In Little Italy’s north end, in what used to be a sprawling roofing materials warehouse, now houses San Diego’s newest hotspot for foodies—Juniper & Ivy. This mammoth-sized restaurant features an open kitchen, outdoor and private dining perched above the main bar. It’s a new venture for Top Chef star Richard Blais.
My vacation, like so many others to San Diego, happened to fall during a full moon. I felt like a werewolf in heat and needed to spice up my evening with some amazing fare. My consort, Richard, picked me up at the hotel and blindfolded me saying, “I have a surprise for you this evening.” I told him I was starving and I hoped it would include food.
When we pulled up at our destination, he took off my black satin eye mask and escorted me inside. We sat at an intimate table for two, sandwiched between a pregnant woman with her husband and a couple celebrating their 44th anniversary. The acoustics were thin and we had to lean over to communicate. An ambitious cocktail menu kept us busy for the first few minutes.
We ordered two 15 Love cocktails, featuring Pimm’s No. 1 liquor. A little too much ice in the glass caused us to order two additional drinks. Tasty, but not economical. Our waitress took her time and finally brought us an Amuse-bouche of Gougeres, a puff of pate a choux pastry flavored with cheese (Gruyère). Immediately after tasting this dish, I revealed to our server, “I am reviewing this eatery. May I please have more?”
Finally, we feasted on appetizers and small plates, beginning with an order of blackened Baja shrimp toast with avocado, Japanese cucumber, and a taste of orange. Their small plate of small roasted beets with caramelized yogurt, white peacock kale, apricots and pistachio nuts disappeared within seconds.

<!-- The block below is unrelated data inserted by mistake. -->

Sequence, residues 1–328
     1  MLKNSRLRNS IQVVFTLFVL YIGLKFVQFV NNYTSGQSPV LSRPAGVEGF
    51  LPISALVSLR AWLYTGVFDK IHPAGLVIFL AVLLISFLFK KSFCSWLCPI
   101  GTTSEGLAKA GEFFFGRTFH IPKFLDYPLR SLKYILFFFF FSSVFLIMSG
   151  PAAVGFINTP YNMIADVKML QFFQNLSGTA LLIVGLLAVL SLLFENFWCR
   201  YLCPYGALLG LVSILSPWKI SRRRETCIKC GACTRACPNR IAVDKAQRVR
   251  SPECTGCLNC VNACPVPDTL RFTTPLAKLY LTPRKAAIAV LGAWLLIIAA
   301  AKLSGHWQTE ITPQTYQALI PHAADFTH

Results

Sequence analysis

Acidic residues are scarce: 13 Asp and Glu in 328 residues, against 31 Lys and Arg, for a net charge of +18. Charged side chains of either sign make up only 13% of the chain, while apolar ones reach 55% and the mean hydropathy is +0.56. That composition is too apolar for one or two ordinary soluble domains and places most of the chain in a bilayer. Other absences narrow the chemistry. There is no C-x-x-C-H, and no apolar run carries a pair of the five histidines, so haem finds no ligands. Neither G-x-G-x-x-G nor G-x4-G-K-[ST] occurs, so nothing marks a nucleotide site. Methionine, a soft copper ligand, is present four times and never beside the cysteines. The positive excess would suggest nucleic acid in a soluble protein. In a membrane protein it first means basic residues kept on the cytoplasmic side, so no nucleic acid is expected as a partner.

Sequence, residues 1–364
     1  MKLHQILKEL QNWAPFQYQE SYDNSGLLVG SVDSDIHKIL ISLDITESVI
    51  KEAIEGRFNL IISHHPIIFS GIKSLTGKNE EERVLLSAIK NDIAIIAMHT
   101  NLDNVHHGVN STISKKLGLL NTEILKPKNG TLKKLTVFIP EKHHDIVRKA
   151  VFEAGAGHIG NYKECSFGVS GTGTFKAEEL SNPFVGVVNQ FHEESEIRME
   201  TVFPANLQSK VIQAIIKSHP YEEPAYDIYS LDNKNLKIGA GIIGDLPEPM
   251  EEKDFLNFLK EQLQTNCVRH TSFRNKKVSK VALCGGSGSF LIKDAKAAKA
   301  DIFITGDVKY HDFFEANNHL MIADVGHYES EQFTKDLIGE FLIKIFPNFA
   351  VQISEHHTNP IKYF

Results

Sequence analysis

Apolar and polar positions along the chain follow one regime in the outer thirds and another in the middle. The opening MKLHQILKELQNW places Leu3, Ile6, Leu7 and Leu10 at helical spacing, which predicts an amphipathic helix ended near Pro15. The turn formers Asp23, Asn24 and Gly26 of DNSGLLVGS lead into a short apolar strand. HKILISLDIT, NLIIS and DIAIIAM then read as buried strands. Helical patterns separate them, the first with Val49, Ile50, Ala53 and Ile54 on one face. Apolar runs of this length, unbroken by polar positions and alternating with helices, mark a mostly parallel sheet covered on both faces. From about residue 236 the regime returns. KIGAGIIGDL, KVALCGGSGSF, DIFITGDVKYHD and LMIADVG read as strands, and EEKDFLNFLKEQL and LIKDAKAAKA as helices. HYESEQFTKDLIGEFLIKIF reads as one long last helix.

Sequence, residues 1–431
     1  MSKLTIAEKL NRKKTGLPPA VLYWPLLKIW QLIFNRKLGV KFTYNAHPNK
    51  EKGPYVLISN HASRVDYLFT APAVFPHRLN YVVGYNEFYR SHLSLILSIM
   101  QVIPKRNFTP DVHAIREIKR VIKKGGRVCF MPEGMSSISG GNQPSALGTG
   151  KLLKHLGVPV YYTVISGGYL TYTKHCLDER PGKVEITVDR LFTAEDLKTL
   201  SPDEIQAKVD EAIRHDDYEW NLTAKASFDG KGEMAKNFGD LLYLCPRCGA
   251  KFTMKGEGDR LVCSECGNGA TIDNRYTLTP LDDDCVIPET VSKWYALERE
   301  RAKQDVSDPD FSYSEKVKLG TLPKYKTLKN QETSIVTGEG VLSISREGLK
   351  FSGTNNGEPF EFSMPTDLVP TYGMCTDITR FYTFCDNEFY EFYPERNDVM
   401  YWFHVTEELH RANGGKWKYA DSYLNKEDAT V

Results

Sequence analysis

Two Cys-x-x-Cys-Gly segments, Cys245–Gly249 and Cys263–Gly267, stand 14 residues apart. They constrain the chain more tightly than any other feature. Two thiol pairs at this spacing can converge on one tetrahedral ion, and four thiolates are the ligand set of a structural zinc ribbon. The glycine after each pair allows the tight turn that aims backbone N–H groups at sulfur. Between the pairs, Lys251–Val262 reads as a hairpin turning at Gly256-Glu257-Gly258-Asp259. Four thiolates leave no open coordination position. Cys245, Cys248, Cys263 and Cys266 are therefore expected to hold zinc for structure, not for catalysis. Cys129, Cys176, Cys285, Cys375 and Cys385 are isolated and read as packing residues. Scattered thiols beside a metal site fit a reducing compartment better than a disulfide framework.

Next came the bone marrow topped with crispy oysters, ranch dressing, and pickled celery. The rich bone marrow, an unctuous savory dish, evil and delicious at the same time.
From their Pasta Starter section, we ordered Corn Agnolotti, a tender ravioli filled with wild mushrooms and dressed with Huitlacoche (a corn fungus delicacy). The Carne Cruda Asada, affectionately called Meat Toast, featured beef tartar topped with a row of sunny side up quail eggs, cotija cheese and jalapeno. I hate raw meat, so I ate the three quail eggs and left the beef for Richard.
The full moon demanded that I complete the meal with a decadent confection. We order peaches on bourbon soaked pound cake with a pecan sorbet. A demi spoon feeding frenzy and a mini sword fight followed as we each tried to get the last bite.
We were pleasantly satiated, but not stuffed to the point of discomfort. There was plenty of room for a digestif, a Brandy Alexander. We toasted each other and Richard Blais, an executive chef actually working in his kitchen. Imagine that.